Scalable algorithms for semi-automatic segmentation of electron microscopy images of the brain tissue
Massachusetts Institute of Technology. Department of Electrical Engineering and Computer Science.
H. Sebastian Seung, Frédo Durand and Nir Shavit.
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I present a set of fast and scalable algorithms for segmenting very large 3D images of brain tissue. Currently, light and electron microscopy can now produce terascale 3D images within hours. Extracting the information about the shapes and connectivity of the neurons require fast and accurate image segmentation algorithms. Due to the sheer size of the problem, traditional approaches might be computationally infeasible. I focus on an segmentation pipeline that breaks up the segmentation problem into multiple stages, each of which can be improved independently. In the first step of the pipeline, convolutional neural networks are used to predict segment boundaries. Watershed transform is then used to obtain an over-segmentation, which is then reduced using agglomerative clustering algorithms. Finally, manual or computer-assisted proof reading is done by experts. In this thesis, I revisit the traditional approaches for training and applying convolutional neural networks, and propose: - A fast and scalable 3D convolutional network training algorithm suited for multi-core and many-core shared memory machines. The two main quantities of the algorithm are: (1) minimizing the required computation by using FFT-based convolution with memoization, and (2) parallelization approach that can utilize large number of CPUs while minimizing any required synchronization. - A high throughput inference algorithm that can utilize all available computational resources, CPUs and GPUs. I introduce a set of highly parallel algorithms for different layer types and architectures, and show how to combine them to achieve very high throughput. Additionally, I study the theoretical properties of the watershed transform of edge- weighed graphs and propose a liner-time algorithm. I propose a set of modification to the standard algorithm and a quasi-linear agglomerative clustering algorithm that can greatly reduce the over-segmentation produced by the standard watershed algorithm.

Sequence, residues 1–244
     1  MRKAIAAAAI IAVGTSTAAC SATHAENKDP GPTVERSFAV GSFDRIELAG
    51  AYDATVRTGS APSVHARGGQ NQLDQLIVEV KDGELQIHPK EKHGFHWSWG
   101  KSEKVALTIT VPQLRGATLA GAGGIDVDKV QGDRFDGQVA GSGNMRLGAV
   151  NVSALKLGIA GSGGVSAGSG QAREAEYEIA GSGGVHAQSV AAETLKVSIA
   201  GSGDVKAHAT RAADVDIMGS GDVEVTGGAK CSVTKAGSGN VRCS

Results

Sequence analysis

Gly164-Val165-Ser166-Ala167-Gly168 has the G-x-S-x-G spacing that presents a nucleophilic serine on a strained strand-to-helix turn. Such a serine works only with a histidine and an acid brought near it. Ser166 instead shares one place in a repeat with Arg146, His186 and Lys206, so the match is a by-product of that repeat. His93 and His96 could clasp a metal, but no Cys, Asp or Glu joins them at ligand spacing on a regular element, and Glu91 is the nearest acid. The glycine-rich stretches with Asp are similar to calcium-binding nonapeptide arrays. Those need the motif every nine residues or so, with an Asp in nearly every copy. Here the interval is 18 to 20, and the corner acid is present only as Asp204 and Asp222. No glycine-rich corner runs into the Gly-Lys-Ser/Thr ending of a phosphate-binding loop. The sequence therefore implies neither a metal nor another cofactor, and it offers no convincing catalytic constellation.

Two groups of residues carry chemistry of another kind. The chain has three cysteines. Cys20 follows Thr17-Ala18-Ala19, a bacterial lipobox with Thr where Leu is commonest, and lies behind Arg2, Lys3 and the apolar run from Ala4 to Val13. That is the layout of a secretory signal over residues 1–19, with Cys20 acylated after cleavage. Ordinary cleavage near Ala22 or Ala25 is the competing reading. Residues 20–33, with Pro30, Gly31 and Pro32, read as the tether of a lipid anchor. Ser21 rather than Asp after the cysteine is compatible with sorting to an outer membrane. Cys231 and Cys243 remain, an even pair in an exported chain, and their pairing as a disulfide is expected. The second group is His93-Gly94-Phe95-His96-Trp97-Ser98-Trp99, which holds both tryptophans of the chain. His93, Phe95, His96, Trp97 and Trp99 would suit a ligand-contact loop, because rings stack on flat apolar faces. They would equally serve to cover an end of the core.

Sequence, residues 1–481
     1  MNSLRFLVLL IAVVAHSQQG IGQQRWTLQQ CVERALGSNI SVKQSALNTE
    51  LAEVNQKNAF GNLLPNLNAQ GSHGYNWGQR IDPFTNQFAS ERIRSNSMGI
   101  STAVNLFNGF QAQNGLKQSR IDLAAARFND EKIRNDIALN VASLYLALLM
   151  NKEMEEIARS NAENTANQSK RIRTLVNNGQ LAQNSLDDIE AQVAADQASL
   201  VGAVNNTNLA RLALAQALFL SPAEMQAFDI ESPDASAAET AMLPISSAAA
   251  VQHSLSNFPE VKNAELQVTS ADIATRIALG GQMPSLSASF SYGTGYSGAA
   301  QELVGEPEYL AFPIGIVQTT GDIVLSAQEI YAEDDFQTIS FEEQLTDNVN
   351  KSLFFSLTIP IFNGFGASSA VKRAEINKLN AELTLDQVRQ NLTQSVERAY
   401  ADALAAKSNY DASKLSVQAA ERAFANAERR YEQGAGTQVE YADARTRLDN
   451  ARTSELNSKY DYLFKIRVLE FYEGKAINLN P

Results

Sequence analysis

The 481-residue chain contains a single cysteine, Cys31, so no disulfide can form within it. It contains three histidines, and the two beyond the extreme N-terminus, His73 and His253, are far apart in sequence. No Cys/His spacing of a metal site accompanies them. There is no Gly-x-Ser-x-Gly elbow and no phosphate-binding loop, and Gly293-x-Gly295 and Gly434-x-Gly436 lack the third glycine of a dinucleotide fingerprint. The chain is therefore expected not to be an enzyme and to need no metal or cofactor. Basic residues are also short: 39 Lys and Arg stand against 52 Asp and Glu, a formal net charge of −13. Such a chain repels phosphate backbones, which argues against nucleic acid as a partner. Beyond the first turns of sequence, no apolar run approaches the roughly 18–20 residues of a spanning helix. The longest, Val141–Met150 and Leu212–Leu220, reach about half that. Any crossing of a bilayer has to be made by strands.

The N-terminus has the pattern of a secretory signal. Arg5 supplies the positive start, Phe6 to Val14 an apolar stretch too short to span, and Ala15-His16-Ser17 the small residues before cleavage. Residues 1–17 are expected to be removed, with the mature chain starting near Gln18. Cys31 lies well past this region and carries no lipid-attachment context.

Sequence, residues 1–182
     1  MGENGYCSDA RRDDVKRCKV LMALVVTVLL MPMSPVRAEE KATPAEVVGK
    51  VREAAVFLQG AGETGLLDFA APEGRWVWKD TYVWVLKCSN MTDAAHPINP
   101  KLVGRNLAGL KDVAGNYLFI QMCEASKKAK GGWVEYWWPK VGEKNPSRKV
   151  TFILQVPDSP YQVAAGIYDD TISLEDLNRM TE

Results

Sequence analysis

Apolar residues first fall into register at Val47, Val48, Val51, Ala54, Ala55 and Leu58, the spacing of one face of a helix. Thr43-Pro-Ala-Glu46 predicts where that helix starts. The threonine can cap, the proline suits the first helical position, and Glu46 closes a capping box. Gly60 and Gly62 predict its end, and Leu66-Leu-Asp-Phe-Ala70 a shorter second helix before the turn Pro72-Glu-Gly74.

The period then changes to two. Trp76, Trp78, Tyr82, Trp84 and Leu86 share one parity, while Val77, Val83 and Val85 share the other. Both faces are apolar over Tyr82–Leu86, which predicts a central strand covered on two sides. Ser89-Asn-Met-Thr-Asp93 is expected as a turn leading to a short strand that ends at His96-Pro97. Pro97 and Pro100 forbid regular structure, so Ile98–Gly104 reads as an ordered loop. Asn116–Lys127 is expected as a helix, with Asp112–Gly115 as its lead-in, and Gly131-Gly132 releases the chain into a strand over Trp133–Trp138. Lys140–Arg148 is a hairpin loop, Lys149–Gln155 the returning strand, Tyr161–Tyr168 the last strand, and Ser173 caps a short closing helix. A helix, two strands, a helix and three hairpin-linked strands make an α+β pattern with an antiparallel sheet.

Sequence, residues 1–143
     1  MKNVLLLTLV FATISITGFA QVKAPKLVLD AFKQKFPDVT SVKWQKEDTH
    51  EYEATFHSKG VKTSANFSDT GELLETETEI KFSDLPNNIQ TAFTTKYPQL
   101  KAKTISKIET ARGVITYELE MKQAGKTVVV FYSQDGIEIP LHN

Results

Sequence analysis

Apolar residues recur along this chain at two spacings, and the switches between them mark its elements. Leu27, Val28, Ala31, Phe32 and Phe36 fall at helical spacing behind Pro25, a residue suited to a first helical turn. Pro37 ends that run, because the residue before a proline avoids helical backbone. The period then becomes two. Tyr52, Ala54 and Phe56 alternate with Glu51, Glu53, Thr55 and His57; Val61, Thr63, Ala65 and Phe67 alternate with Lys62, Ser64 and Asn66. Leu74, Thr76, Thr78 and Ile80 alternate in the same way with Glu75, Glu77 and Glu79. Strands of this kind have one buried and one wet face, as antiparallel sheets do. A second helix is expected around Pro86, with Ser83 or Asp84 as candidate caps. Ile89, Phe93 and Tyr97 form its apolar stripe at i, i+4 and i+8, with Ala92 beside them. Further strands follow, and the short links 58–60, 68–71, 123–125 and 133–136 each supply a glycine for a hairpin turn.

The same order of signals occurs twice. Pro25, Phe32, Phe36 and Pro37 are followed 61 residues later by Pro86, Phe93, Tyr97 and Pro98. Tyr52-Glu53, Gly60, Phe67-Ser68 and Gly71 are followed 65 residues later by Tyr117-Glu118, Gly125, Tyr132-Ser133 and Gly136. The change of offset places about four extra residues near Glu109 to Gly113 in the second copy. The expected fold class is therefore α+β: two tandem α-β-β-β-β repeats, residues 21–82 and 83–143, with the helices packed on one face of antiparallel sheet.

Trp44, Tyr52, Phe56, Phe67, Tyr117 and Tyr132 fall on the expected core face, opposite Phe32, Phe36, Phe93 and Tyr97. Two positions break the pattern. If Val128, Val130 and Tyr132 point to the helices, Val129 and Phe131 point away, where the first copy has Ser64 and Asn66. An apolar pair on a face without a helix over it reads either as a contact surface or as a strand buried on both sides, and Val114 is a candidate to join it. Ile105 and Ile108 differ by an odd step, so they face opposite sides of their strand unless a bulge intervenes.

Thesis: Ph. D., Massachusetts Institute of Technology, Department of Electrical Engineering and Computer Science, 2016.This electronic version was submitted by the student author. The certified thesis is available in the Institute Archives and Special Collections.Cataloged from student-submitted PDF version of thesis.Includes bibliographical references (pages 139-145).
DepartmentMassachusetts Institute of Technology. Department of Electrical Engineering and Computer Science
Massachusetts Institute of Technology
Electrical Engineering and Computer Science.